YANCHEP and Gingin landlords are being advised to be extra vigilant when renting their properties to avoid crime gangs who turn investment homes into cannabis grow-houses.
Consumer Protection and WA Police have renewed their warning to landlords after a Joondalup rental property was recently turned into a cannabis farm.
The landlord, who advertised the property privately, leased it to a Vietnamese couple in their late 30s in September last year for a two-year period.
The property was inspected in January this year but there were no signs of the cannabis farm at that stage, although some electrical problems were reported.
The illegal cannabis growing operation was uncovered recently after a Police raid on the property.
Consumer Protection commissioner David Hillyard said crime gangs were targeting private landlords who were less likely to carry out stringent checks on prospective tenants and less likely to be suspicious of a large upfront cash payment to cover rent.
“The driver’s licences being presented as identification are stolen or fake and references supplied by these applicants are usually other gang members posing as employers or previous landlords,” he said.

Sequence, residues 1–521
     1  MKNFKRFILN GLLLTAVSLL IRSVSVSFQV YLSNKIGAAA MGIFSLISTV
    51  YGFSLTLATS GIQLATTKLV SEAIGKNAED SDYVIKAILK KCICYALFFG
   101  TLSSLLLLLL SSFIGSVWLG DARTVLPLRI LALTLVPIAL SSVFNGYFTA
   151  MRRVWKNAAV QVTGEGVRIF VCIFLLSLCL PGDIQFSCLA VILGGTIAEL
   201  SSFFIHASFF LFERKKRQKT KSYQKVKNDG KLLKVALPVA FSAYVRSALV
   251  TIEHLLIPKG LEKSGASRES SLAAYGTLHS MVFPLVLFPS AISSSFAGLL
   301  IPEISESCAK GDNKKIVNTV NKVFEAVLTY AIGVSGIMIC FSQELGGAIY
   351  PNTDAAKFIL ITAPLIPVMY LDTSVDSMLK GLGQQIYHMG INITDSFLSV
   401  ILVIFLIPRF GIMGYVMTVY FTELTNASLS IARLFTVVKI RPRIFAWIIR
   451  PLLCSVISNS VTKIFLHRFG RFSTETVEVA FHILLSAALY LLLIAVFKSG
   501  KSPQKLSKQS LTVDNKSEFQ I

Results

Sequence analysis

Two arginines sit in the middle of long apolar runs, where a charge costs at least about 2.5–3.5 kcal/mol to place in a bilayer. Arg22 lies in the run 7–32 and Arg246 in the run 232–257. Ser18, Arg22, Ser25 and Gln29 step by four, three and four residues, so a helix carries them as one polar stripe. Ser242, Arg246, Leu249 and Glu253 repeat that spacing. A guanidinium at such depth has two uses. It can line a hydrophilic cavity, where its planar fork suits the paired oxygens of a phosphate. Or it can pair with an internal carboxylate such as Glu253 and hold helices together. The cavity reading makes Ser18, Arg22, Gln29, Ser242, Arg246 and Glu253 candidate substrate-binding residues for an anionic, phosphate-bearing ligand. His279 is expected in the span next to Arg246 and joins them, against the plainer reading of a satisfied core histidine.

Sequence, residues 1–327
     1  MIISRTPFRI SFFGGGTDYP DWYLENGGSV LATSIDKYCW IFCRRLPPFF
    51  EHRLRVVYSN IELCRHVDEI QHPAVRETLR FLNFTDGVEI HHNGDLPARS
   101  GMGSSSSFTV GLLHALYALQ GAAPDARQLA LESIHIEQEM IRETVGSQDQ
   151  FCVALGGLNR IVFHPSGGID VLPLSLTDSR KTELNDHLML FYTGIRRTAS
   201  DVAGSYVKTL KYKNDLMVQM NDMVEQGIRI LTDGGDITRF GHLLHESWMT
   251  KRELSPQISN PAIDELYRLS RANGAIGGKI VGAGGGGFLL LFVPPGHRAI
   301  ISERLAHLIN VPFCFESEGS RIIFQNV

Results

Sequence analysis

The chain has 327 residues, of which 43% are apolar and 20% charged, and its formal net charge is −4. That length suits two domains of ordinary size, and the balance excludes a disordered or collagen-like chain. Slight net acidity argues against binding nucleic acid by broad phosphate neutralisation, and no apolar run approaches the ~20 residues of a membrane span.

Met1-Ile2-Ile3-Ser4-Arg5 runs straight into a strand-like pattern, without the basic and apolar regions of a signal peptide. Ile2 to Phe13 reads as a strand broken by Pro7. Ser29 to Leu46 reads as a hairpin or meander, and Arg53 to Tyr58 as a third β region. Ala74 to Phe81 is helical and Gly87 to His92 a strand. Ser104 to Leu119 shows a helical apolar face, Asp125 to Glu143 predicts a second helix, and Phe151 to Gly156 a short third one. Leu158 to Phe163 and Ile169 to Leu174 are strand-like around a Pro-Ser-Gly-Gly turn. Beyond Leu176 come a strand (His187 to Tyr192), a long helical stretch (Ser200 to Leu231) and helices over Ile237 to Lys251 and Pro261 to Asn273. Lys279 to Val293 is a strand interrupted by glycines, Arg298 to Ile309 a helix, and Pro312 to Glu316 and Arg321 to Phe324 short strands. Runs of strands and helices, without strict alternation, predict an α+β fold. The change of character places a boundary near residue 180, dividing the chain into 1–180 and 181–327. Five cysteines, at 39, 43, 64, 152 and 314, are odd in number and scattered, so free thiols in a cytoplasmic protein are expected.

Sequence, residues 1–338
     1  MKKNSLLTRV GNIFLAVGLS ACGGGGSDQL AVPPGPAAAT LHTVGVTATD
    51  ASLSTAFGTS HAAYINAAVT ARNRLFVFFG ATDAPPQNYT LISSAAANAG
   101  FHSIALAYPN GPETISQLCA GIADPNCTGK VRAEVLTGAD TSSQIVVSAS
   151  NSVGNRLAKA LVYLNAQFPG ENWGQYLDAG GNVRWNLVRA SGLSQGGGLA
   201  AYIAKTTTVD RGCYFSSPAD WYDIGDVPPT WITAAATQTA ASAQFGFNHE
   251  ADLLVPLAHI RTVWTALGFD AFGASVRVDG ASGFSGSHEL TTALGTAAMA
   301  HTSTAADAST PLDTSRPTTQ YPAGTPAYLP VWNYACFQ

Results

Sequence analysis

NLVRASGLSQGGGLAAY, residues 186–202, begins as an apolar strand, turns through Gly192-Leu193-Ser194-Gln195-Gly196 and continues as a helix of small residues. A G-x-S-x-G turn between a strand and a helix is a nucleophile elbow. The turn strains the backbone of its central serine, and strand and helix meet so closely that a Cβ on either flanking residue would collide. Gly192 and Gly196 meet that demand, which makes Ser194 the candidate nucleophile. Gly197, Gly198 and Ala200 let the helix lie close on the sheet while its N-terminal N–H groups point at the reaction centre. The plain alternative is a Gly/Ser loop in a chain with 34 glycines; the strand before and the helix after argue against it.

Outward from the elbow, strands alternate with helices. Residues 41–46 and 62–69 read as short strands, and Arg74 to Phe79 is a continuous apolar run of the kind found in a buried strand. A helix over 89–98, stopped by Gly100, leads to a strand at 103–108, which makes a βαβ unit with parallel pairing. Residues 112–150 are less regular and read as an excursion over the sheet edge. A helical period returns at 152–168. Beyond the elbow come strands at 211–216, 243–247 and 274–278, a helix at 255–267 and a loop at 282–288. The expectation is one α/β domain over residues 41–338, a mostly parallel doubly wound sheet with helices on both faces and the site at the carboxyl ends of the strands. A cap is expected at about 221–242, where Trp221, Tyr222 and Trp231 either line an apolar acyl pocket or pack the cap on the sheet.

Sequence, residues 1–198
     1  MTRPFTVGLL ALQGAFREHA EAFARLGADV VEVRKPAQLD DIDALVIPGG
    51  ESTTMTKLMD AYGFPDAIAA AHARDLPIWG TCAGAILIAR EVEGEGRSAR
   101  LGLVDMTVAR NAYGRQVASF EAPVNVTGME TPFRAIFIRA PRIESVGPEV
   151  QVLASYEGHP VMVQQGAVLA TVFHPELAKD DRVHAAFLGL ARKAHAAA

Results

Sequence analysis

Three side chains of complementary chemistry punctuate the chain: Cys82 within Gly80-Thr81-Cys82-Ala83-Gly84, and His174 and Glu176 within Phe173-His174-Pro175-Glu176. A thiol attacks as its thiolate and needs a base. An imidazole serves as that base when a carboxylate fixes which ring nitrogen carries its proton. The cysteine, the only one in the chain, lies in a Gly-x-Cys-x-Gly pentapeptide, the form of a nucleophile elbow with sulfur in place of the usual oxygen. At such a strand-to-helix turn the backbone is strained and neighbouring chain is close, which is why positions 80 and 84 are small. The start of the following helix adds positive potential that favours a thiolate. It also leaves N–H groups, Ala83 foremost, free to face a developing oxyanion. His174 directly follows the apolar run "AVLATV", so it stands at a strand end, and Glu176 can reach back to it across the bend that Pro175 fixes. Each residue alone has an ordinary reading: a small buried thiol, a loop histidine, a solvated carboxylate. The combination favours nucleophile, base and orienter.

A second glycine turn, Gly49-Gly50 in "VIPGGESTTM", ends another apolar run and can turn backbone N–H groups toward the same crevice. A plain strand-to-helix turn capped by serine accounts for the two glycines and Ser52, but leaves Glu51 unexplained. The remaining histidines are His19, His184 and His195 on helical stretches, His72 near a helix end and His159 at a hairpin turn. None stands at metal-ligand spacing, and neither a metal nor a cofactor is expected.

“If landlords choose not to go through a real estate agent or property manager, they need to do thorough checks on applicants and carry out a property inspection soon after they move in and at regular intervals up to the maximum of four inspections a year that are allowed.
“Apart from the damage and clean-up bills, affected landlords also suffer the loss of rental income while the home is being repaired, so it can have a devastating financial impact.
“The cannabis farm operations at these rentals usually involve the electricity being by-passed from the meter and a new electrical system installed to power the hydroponics.
“Combined with a watering system, the danger to occupants as well as neighbours and the community is significant, posing a major fire and electrocution hazard.”
WA Police advise landlords and members of the public to be cautious of cash rentals that are paid several months in advance, a big number of people frequently coming to the house for two to three hours at a time, humming or bright lights coming from the house at night, windows being constantly covered and evidence of tampering with power or meter boxes.
Anyone who believes a property is being used for illegal purposes or has any information regarding illegal activity, should call Crime Stoppers on 1800 333 000 or make a report online at www.crimestopperswa.com.au
Callers can remain anonymous.
Enquiries about what landlords can do under tenancy laws can be made to Consumer Protection by email firstname.lastname@example.org or by calling 1300 30 40 54.